What Are the Consequences of Uncontrolled Hypertension?
High blood pressure is blood pressure higher than the normal range. Hypertension is defined by the American Heart Association and the American College of Cardiology as blood pressure at or above 130/80 mmHg (millimeters of mercury). Although hypertension often shows no symptoms, it can increase a person's risk of heart disease, stroke and other life-threatening complications, including sexual health.
Editor's Note: This interview has been edited for length and clarity.
What are the ways in which high blood pressure harms the body?
Giesler: I think what surprises people the most is that high blood pressure is the No. 1 cause of dementia. The problem with high blood pressure, in general, is end organ damage—damage to your organs from high-pressure wear and tear over time. You can have long-term wear and tear, such as with dementia, on the brain vessels. High pressure can also affect your heart, causing either thickening or enlargement or weakening of the heart muscle.
Forms of heart failure are often related to high blood pressure. You can have kidney failure related to high blood pressure because it affects the small vessels of your kidneys. You can have problems with your eyes and other organs as well.
There's the long-term wear and tear, and there's the acute severe effects of sudden-onset high blood pressure. If you have high blood pressure and it spikes extremely high, that can cause a sudden stroke. It can cause heart strain. Obviously, it's important to control high blood pressure long-term.
I understand high blood pressure is not a form of heart disease. However, it can lead to heart disease. What differentiates hypertension from heart disease?
When we talk about heart disease, we talk about the actual heart itself being diseased.
That disease can be the heart muscle being affected, where it gets weak or enlarged, or the arteries that feed the heart are affected. Those coronary arteries sitting outside on top of the heart are the things that get blocked up and cause heart attacks.
High blood pressure leads to heart disease by causing either heart failure or it causes coronary artery disease. That is from blockage and plaque buildup in those arteries over time.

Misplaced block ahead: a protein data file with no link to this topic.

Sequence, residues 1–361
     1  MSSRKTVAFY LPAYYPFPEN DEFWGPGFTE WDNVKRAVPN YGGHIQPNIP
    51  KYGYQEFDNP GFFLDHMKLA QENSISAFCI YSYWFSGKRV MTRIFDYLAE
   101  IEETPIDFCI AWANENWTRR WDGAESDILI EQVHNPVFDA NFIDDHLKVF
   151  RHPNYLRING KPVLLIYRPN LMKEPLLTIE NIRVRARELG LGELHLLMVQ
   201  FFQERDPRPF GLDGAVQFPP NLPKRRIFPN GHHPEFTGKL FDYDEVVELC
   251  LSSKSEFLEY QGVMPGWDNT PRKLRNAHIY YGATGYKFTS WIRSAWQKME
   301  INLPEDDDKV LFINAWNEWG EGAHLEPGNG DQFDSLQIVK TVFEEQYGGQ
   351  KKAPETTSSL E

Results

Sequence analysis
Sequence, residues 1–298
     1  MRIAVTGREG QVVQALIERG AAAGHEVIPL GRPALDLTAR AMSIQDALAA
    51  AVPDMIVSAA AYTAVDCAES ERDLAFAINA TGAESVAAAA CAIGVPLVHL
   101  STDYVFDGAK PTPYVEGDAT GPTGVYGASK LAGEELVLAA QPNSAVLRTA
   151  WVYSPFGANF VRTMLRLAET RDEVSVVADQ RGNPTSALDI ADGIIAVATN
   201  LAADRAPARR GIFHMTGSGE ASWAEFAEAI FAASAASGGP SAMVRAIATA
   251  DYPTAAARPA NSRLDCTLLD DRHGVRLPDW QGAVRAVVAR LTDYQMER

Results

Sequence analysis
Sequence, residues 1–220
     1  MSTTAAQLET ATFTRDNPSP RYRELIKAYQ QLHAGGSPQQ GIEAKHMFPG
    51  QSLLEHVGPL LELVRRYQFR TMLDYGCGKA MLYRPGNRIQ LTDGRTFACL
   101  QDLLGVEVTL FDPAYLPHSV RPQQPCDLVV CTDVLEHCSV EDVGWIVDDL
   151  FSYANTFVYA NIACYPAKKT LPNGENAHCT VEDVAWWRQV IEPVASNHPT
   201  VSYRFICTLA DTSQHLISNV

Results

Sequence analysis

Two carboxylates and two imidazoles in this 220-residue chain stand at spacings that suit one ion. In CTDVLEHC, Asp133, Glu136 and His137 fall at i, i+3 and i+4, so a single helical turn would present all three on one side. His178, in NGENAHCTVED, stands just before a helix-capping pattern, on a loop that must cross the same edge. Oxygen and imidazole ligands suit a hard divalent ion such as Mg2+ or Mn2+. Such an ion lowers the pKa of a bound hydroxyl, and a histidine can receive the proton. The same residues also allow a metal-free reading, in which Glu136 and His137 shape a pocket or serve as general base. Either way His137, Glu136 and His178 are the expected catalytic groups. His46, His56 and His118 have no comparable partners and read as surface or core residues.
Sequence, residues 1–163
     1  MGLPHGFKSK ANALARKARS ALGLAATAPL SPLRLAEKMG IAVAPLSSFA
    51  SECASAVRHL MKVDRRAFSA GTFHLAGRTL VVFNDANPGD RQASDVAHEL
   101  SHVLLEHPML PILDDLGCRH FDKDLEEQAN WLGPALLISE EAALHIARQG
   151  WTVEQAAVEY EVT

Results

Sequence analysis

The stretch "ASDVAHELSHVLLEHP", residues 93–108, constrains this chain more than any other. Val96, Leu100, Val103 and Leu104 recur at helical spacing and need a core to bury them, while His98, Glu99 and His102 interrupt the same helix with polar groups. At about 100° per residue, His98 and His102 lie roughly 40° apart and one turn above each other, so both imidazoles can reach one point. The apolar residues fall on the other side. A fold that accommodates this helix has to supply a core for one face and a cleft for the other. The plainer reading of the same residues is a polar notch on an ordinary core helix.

Plaque buildup is the result of wear and tear, and injury to the vessels. Part of that injury can be high blood pressure. That's why high blood pressure, diabetes, high cholesterol, smoking: all of those things cause the plaque to build up over time. That's how high blood pressure leads to heart disease.
The blood vessels in your body are akin to tree branches. You have the aorta in the middle of your body. That's the big trunk. And then everything kind of stems from that, like branches. High blood pressure is high pressure in this system of vessels.
The analogy I use is, it's like a garden hose. You have a certain amount of pressure to get enough volume and pressure out to feed your whole garden. You need some pressure because if you don't have enough pressure in that system, your garden—your brain, heart and kidneys—doesn't get enough blood flow, and you can pass out or get lightheaded.
If you have high pressure shooting out of that garden hose all the time, you can damage the plants. That's what high pressure does. It damages the organs it's feeding. Also, the high pressure inside those vessels causes them to stiffen over time.
What would be dangerously high blood pressure where it would be considered a medical emergency?
It's kind of a tricky question because if somebody is used to having normal blood pressure of 115 or 120 and then it shoots up to 160, that shift in pressure can be dangerous because their body is not acclimated. But if somebody is used to a blood pressure of 150, which is not good, and all of a sudden, it goes up to 160 or 170, they don't typically notice or have significant effects.